While the Greasy-Gooney 10K is quite scenic (go to the course photos page to see for yourself!), it is also somewhat challenging. The "U"-shaped course starts on Bentonville-Browntown Road (Route 613) and quickly turns onto a quiet little road called the Gooney Manor Loop. This road heads south up the Greasy Run valley for around three miles, gaining about 480 feet in elevation. Then the Gooney Manor Loop curves back around to the northeast and comes down the Gooney Run valley all the way to Browntown, losing about 500 feet in elevation. So in other words, it's uphill for the first half and downhill for the second half!
Certification & measurement
The Greasy-Gooney 10K course was certified for USA Track & Field by Neal Riemenschneider on 11 August 1999. The cerification number is VA99025RT. (Due to new USATF rules, technically our course's certification has "expired", but our route is completely unchanged from our first running in 1999. We just don't feel like paying more pointless USATF fees just to submit a renewal form.)
After running the first quarter mile on pavement, you'll turn left onto the Gooney Manor Loop, which is unpaved for the next 3.7 miles. You'll be running on gravel, with some occasional smooth dirt showing. The footing on this gravel section varies from year to year, depending on how recently the road has been graded. (This year parts of the road are in good shape, but it's particularly rutted from mile 2½ to 3½.) Just before the four mile mark, the road changes over to pavement, and you'll be on pavement for the remainder of the race.
It is nearly impossible to get lost on the Greasy-Gooney 10K course, as there is only one turn. This turn (a left) comes a mere quarter mile into the race, so after that, just keep going straight all the way back to Browntown!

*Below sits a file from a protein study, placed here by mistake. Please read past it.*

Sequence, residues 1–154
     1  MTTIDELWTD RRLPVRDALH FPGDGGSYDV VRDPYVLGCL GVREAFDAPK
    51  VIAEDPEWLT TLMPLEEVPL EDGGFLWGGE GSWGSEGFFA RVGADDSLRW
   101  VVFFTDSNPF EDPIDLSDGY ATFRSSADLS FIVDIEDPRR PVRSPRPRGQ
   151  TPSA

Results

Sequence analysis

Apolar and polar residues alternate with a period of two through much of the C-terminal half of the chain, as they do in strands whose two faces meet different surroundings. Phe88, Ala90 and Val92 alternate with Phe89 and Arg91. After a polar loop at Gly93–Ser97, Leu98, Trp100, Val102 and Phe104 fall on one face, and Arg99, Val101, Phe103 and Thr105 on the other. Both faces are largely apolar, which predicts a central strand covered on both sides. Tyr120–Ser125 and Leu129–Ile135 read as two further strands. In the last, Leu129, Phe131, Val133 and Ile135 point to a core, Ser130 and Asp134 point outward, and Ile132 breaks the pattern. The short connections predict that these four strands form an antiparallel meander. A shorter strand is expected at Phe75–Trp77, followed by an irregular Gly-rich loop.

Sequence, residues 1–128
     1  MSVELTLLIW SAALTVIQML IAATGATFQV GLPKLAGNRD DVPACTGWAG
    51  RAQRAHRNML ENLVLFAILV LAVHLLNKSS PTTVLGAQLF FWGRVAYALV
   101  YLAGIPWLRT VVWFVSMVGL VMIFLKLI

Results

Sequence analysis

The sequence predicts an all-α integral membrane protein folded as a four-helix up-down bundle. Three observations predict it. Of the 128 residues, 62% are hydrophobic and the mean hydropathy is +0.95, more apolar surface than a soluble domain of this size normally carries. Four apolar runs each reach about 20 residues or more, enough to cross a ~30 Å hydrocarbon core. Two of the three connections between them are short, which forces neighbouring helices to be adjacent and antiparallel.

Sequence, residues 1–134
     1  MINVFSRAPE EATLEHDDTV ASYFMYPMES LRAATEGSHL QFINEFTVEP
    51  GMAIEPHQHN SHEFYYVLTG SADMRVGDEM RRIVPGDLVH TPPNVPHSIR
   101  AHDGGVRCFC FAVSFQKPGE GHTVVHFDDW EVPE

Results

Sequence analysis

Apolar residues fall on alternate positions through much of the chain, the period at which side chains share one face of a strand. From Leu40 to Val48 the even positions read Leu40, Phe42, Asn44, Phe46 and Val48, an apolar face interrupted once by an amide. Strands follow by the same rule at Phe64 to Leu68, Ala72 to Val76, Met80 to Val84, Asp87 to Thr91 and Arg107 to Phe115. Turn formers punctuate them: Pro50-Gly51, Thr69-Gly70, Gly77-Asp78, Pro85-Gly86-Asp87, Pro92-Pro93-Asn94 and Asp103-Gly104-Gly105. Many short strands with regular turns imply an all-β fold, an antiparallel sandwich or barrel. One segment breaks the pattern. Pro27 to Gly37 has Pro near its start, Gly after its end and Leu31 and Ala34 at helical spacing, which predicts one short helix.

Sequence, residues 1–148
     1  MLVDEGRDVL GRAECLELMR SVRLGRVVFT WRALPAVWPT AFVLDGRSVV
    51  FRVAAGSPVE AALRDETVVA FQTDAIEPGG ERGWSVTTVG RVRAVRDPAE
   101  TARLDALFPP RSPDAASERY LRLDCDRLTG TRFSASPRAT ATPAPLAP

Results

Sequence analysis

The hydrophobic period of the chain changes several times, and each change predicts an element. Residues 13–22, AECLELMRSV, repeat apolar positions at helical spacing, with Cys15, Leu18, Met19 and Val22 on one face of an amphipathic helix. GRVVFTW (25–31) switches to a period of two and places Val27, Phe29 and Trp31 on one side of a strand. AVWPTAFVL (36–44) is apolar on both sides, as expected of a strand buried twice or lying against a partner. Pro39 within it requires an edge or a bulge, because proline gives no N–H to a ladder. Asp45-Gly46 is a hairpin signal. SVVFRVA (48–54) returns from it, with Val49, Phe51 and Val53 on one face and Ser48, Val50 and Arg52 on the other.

Due to the temperate weather forecast and low volunteer availability, we will only have one water stop this year, at the high point on the course near the halfway mark. If you take water, try and toss your cup somewhere in plain view so that our volunteers will see 'em to pick 'em up. (In other words, don't throw your cups off in the woods.)
Miles 1 through 6 will be marked with our usual blue & yellow signs stuck into the tops of traffic cones. Each intermediate half-mile will be marked with a little orange surveyor's flag or two.
As mentioned above and as illustrated below, the course is basically 3.1 miles up and 3.1 miles down. But don't
Note to GPS users:
If you wear a GPS watch during the race, it may tell you that the course is long. If it does, your GPS watch is incorrect. Particularly when worn on the wrist, when used at faster paces, and when used under tree cover, GPS watches have a tendency to record inaccurate data points, and they invariably end up measuring long. Companies like Garmin do not sufficiently explain the limitations of GPS devices to consumers, and many GPS users place too much faith in the numbers their watches give them, as if the watches work by magic. As a result, race directors have been hearing a lot of unjustified complaints about allegedly long courses over the past few years.
Any measurement by a Garmin GPS watch should be considered nothing more than a ballpark estimate with a large margin of error, unless you can verify the recorded data points through some other means. Please be assured that despite whatever your GPS watch winds up saying on race day, our 10K course has been measured to USA Track & Field's exacting standards and is as close to 6 miles 1128 feet 4.787 inches as we can get it! And our mile marks have been carefully measured as well.
(That said, the race director has run the course with a Garmin 205 on a number of occasions and has consistently gotten readings of 6.21-6.22 miles. Go figure! Those of you with older, less accurate models like the 201 may lose your GPS signals entirely under our course's occasionally heavy tree cover.)
Satellite visibility is not expected to be very good from around 8 to 10 AM on race day this year, so your GPS's accuracy could be a little lower than usual.
Simulated 3D overhead views
Below are a couple computer-generated three-dimensional overhead views of the course, created many many years ago with a flight simulation computer game. We've highlighted the 10K course in yellow on the two images:
(These images were created in the days before Google Earth made 3D mapping easy. We may eventually update these images with some Google Earth stuff.)
|The Greasy-Gooney 10K Web pages are maintained by Karsten Brown.|